"The body of the person here buried was laid upon the surface of the ground, with his face upwards, and his feet pointing to the southwest. From the appearance of sevcral pieces of charcoal and bits of partially burned fossil coal, and the black color of the earth, it would seem that the funeral obsequies had been celebrated by fire; and while the ashes were yet hot and smoking, a circle of these flat stones had been laid around and over the body. The circular covering was about eight feet in diameter; and the stones yet look black, as if stained by fire and smoke. This circle of stones seems to have been the nucleus over which the mound was formed, as immediately over them is heaped the common earth of the adjacent plain. At the time of opening it, the height was 6 feet, and diameter between 30 and 40. It has every appearance of being as old as any in the neighborhood, and was, at the first settlement of Marietta, covered with large trees. It seems to have been made for this single personage, as the remains of one skeleton only were discovered. The bones were much decayed, and many of them crumbled to dust on exposure to the air."
Engravings of the silver-plated discs and also of the embossed silver plate supposed by Dr. Hildreth to have been a sword ornament, are herewith presented. These articles have been critically examined, and it is beyond doubt that the copper "bosses" are absolutely plated, not simply overlaid, with silver. Between the copper and the silver exists a connection, such as, it seems to me, could only be produced by heat; and if it is admitted that these are genuine remains of the mound-builders, it must, at the same time, be admitted that they possessed the difficult art of plating one metal upon another. There is but one alternative, viz., that they had occasional or constant intercourse with a people advanced in the arts, from whom these articles were obtained. Again, if Dr. Hildreth is not mistaken, oxydized iron, or steel, was also discovered in connection with the above remains; from which also follows, as a necessity upon the previous assumption, the extraordinary conclusion that the mound-builders were acquainted with the use of iron,—the conclusion being, of course, subject to the improbable alternative already mentioned.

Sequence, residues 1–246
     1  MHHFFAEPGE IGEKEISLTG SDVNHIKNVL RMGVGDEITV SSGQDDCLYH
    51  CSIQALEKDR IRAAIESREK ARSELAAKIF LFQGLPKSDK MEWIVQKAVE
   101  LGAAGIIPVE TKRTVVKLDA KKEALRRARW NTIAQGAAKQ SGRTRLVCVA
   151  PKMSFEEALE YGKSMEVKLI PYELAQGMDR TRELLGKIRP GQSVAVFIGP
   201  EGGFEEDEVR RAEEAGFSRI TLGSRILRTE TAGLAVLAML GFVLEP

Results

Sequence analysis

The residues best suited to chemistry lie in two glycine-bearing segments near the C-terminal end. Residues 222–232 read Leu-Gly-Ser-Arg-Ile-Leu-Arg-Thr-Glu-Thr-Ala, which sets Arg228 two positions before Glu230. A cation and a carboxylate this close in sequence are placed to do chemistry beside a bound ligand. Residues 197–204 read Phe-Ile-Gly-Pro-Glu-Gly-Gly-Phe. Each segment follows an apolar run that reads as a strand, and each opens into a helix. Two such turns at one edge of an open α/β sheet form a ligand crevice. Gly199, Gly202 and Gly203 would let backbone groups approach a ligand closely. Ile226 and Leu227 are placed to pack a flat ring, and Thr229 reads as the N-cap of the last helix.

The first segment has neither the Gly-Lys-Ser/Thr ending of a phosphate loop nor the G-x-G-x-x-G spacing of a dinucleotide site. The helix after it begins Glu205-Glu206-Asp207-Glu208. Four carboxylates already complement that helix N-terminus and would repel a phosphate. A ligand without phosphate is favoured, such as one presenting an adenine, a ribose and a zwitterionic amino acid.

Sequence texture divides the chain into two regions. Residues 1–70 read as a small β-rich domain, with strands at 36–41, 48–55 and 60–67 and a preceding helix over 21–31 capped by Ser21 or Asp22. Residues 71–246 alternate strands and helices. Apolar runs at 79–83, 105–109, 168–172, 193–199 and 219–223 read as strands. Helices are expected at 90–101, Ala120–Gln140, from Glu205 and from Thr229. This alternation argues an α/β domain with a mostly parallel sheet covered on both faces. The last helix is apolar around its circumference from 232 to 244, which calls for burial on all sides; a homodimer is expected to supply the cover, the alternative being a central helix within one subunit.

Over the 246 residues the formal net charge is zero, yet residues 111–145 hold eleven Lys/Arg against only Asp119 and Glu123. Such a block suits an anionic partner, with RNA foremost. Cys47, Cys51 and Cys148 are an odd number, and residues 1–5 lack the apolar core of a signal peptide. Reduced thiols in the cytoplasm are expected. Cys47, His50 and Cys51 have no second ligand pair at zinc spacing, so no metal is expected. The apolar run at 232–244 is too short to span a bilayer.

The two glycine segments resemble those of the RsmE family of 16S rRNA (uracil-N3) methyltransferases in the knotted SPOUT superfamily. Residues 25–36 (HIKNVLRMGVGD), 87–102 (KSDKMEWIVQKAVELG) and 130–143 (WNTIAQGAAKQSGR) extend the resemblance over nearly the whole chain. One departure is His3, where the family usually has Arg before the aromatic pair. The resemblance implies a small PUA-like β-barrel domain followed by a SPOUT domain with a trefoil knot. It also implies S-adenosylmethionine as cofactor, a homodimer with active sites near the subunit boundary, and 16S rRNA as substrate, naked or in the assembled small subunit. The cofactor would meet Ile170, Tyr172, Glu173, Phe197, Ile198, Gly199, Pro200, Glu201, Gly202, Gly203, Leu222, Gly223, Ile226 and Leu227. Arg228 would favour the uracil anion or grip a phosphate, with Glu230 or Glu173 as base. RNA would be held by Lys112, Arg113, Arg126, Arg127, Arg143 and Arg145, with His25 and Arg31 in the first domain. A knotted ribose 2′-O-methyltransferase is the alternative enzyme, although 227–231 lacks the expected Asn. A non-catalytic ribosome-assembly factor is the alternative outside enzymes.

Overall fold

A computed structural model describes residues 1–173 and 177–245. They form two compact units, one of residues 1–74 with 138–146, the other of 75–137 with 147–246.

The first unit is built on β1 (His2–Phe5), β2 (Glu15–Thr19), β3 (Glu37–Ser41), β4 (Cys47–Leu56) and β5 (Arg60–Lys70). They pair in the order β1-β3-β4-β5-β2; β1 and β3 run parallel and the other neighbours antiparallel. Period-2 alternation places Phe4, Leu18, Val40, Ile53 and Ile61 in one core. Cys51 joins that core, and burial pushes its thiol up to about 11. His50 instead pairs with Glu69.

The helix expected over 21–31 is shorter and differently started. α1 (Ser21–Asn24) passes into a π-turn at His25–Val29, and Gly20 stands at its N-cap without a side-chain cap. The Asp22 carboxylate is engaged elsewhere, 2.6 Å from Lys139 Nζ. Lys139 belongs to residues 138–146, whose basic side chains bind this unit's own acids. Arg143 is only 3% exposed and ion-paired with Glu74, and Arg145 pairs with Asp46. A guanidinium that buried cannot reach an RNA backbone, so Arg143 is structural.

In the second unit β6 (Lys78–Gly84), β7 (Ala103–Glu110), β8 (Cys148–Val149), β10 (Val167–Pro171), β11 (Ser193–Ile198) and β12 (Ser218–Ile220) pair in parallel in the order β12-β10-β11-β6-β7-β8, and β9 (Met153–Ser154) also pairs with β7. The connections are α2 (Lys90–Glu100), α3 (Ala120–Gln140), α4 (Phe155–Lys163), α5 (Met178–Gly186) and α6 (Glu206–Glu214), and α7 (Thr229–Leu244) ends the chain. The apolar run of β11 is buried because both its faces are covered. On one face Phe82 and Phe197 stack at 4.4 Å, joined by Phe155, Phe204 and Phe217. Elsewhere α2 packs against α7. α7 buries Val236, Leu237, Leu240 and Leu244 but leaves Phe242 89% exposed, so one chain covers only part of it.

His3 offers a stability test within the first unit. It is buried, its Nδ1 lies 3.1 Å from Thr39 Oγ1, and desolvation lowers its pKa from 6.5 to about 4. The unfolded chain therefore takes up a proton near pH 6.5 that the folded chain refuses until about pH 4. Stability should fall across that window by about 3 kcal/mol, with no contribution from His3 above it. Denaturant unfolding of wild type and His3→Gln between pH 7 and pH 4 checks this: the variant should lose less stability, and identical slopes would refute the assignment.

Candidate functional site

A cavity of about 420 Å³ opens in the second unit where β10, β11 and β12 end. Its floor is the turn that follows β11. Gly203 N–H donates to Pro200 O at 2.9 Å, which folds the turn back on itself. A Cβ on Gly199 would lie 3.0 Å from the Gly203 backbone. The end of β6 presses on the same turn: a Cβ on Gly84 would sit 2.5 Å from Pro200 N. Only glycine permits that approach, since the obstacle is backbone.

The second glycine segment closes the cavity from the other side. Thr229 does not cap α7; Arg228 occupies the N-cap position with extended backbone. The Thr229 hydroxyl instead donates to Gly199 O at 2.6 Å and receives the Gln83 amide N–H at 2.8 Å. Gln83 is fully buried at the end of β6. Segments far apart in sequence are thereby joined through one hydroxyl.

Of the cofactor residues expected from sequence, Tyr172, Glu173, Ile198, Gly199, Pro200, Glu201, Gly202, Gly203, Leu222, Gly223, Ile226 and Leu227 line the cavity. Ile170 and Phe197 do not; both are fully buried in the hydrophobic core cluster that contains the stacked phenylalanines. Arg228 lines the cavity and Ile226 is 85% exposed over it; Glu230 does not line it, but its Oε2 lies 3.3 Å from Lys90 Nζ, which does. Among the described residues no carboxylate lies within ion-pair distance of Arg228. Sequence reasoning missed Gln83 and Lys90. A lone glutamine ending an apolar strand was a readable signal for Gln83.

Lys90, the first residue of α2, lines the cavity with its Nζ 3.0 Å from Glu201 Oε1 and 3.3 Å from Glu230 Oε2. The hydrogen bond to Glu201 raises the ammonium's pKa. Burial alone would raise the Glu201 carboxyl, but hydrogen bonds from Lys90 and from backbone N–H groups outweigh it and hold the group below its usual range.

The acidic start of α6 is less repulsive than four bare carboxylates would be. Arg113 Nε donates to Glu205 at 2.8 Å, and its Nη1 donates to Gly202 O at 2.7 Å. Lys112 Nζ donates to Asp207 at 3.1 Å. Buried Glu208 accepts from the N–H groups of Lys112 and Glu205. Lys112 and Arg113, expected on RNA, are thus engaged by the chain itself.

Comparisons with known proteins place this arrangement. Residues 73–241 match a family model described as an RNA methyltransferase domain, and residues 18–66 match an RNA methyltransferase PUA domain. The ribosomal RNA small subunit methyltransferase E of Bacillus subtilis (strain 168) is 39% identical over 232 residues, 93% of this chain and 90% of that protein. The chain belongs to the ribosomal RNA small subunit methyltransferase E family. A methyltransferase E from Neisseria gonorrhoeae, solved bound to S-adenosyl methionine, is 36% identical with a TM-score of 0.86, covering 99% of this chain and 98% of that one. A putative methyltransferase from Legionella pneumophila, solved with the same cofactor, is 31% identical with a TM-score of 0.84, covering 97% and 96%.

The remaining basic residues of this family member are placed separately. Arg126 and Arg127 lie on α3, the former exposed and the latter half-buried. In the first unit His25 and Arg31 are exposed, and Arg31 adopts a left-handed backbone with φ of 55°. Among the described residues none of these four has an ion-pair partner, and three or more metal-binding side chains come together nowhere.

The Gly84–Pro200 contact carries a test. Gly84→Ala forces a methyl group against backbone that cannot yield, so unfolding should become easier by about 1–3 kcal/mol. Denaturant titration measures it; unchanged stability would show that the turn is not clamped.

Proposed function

Leading, therefore, as they do, to such extraordinary conclusions, it is of the utmost importance that every fact and circumstance connected with these remains should be narrowly examined. If there is a reasonable way of accounting for their presence, under the circumstances above described, without involving us in these conclusions, unsustained as they are by collateral facts, we are justified upon every recognized rule of evidence in adopting it as the nearest approximation to the truth.
The existing tribes of Indians, it has been demonstrated, recently and remotely, often buried in the mounds, placing the arms and ornaments, in short, whatever was valued by the possessor while living, in the grave with him at his death, It has been shown that in some instances they opened the mounds to the depth of six or seven feet, and buried at or below their bases.—(Ancient Monuments of the Mississippi Valley, pp. 146, 147, 149.) It has been shown, also, that partial burial by fire was occasionally practised by them, or by races succeeding the builders of the mounds. That it was a common custom among the Indians to cover their dead with stones, is also well known. The occurence of these remains in the position above described, does not, therefore, necessarily establish that they belonged to the race of the mounds.